Do you have to provide accurate information to the police?

| Dec 14, 2017 | Criminal Defense |

Everything you do when you interact with the police department should be carefully planned. You have to ensure that you are being fully truthful without doing anything that might incriminate you in a criminal matter. Essentially, walking on eggshells is what many people will do when they are interacting with law enforcement.

You can get yourself into hot water if you don’t provide your legal name to police officers when you are stopped or approached. You can actually face criminal charges for providing incorrect information to law enforcement.

When is it a crime?

Massachusetts law says that individuals can be charged with a crime if they willfully give police officers a false name after being arrested. This sets up a few different defense options.

First, this law only applies to people who have been arrested, not just questioned. Second, the person has to knowingly give the wrong name to the officer. Third, the name has to have been assumed for dishonest purposes.

In such cases, the prosecution must prove these three points beyond a reasonable doubt. This can be challenging partly because it is hard to prove why a person provided a false name.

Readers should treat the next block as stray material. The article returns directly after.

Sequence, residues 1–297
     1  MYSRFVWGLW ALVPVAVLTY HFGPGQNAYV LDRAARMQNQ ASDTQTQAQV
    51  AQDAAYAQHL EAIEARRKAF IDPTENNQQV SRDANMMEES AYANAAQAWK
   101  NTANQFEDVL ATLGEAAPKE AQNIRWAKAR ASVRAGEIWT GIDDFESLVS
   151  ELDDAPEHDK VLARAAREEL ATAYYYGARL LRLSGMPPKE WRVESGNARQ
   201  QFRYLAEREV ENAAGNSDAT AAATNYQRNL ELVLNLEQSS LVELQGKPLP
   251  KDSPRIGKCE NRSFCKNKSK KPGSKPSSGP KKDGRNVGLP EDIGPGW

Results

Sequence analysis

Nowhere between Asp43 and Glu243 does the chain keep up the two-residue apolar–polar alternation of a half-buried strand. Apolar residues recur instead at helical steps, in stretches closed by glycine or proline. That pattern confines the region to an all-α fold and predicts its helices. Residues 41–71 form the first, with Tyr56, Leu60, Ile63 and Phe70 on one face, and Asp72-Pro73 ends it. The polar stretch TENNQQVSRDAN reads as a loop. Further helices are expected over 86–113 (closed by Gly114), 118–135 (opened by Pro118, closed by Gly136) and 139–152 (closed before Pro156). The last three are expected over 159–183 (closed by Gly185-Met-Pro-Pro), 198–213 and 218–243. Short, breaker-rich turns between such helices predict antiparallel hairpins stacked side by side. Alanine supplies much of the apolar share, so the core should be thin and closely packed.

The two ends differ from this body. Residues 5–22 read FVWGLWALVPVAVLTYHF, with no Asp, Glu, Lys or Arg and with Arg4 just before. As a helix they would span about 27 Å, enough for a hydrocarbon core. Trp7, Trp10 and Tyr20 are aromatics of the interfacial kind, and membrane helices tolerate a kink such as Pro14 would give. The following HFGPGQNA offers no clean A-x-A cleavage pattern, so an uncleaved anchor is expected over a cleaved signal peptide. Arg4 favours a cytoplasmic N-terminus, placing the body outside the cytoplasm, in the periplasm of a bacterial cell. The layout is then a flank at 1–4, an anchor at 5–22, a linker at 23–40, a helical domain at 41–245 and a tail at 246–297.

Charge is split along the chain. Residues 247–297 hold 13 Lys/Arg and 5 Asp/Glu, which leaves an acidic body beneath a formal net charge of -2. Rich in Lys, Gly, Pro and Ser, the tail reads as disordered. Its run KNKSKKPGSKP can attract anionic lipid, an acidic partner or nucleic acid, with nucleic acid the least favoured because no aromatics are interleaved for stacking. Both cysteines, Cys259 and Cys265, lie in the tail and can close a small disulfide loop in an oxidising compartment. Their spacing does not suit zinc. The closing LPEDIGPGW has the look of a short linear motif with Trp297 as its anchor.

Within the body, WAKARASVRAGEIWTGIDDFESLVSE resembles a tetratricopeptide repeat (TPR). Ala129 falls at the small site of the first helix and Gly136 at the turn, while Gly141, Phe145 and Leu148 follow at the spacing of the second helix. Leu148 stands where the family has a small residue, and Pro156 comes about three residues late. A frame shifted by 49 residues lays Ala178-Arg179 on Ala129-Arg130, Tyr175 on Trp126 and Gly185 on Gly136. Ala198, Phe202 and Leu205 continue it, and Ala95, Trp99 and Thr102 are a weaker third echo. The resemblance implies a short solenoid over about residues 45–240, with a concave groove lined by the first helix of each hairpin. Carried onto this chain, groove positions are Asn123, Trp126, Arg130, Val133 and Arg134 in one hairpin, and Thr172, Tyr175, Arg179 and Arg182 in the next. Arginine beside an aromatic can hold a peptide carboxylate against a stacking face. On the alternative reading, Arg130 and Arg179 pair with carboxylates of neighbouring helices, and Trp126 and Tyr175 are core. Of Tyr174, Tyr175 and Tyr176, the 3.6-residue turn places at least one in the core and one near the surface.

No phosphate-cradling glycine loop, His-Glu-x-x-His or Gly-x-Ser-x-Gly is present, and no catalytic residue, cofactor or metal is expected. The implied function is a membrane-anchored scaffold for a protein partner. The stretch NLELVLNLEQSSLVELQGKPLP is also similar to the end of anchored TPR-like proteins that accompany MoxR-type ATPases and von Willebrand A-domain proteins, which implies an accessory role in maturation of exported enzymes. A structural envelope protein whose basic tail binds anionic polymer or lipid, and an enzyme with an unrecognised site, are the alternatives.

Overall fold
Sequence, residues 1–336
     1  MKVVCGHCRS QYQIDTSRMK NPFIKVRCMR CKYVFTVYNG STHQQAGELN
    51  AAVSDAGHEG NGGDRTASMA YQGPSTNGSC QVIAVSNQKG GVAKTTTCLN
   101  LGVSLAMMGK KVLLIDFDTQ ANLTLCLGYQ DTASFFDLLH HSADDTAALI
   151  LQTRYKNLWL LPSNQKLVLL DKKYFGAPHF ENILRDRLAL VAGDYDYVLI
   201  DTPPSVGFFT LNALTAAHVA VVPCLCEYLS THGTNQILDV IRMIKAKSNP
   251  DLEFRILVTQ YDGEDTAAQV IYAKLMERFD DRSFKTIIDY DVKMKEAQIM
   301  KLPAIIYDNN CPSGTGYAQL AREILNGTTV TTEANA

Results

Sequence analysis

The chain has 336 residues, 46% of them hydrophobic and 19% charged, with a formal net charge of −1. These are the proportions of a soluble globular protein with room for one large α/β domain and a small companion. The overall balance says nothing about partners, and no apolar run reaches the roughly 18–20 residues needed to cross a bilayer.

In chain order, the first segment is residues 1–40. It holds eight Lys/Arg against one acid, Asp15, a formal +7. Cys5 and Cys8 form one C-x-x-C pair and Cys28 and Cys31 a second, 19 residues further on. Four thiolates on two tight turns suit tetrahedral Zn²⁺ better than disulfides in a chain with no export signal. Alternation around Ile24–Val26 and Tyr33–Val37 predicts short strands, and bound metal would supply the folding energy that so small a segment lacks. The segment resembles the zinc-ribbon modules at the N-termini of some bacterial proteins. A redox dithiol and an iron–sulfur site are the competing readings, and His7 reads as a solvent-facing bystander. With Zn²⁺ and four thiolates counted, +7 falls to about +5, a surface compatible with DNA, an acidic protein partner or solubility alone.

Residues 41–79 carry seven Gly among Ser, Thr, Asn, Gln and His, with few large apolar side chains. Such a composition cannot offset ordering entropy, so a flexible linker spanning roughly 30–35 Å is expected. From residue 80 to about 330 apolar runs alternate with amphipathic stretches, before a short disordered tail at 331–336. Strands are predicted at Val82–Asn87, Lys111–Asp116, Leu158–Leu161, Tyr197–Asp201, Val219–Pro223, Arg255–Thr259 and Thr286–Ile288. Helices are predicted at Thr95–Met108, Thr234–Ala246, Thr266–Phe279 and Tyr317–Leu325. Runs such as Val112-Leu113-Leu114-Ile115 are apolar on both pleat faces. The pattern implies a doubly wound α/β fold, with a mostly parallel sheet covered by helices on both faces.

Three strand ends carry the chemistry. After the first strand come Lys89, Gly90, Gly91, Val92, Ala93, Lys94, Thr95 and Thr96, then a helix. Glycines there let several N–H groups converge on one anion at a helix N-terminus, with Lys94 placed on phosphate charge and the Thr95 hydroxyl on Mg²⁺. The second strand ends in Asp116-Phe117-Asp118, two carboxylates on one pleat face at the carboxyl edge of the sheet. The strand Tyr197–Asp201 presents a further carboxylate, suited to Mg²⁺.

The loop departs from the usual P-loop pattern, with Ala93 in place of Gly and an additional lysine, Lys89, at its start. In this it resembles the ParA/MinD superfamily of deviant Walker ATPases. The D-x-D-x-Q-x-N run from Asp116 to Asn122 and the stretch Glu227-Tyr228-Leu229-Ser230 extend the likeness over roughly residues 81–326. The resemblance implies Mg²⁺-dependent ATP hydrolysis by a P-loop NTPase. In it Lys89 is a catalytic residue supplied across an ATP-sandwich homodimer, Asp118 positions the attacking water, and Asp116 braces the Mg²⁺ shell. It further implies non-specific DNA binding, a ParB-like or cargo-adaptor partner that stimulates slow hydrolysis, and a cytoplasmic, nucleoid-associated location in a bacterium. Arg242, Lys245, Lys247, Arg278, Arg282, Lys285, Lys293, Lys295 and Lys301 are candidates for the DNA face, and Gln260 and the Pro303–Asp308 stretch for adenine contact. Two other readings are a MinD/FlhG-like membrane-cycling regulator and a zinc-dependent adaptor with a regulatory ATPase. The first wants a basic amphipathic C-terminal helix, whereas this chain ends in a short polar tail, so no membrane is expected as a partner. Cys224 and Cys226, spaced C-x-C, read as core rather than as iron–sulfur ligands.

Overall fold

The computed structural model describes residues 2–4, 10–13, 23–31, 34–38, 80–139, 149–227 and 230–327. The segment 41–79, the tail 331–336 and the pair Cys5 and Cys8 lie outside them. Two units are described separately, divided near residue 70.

Name changes are legal in many cases

It is interesting to note that the state law does allow for people to change their name at will. Typically, there doesn’t have to be any type of legal proceeding to assume another name. The catch to this is that the person can’t assume a new name in an effort to elude an arrest or to avoid any negative aspects of the criminal justice system.

This means that if you are arrested for drunk driving or any other crime and provide a false name to police officers in an effort to avoid having the conviction on your criminal record or to avoid having a multiple-conviction issue, you can face criminal charges. If a false name is provided, prosecutors don’t have to prove the person’s true name. Instead, they only have to prove that the conditions necessary for the charge were present in the case.

Reviewing the circumstances carefully can help an attorney develop a viable defense. Exploring every option can help defendants effectively fight the charge.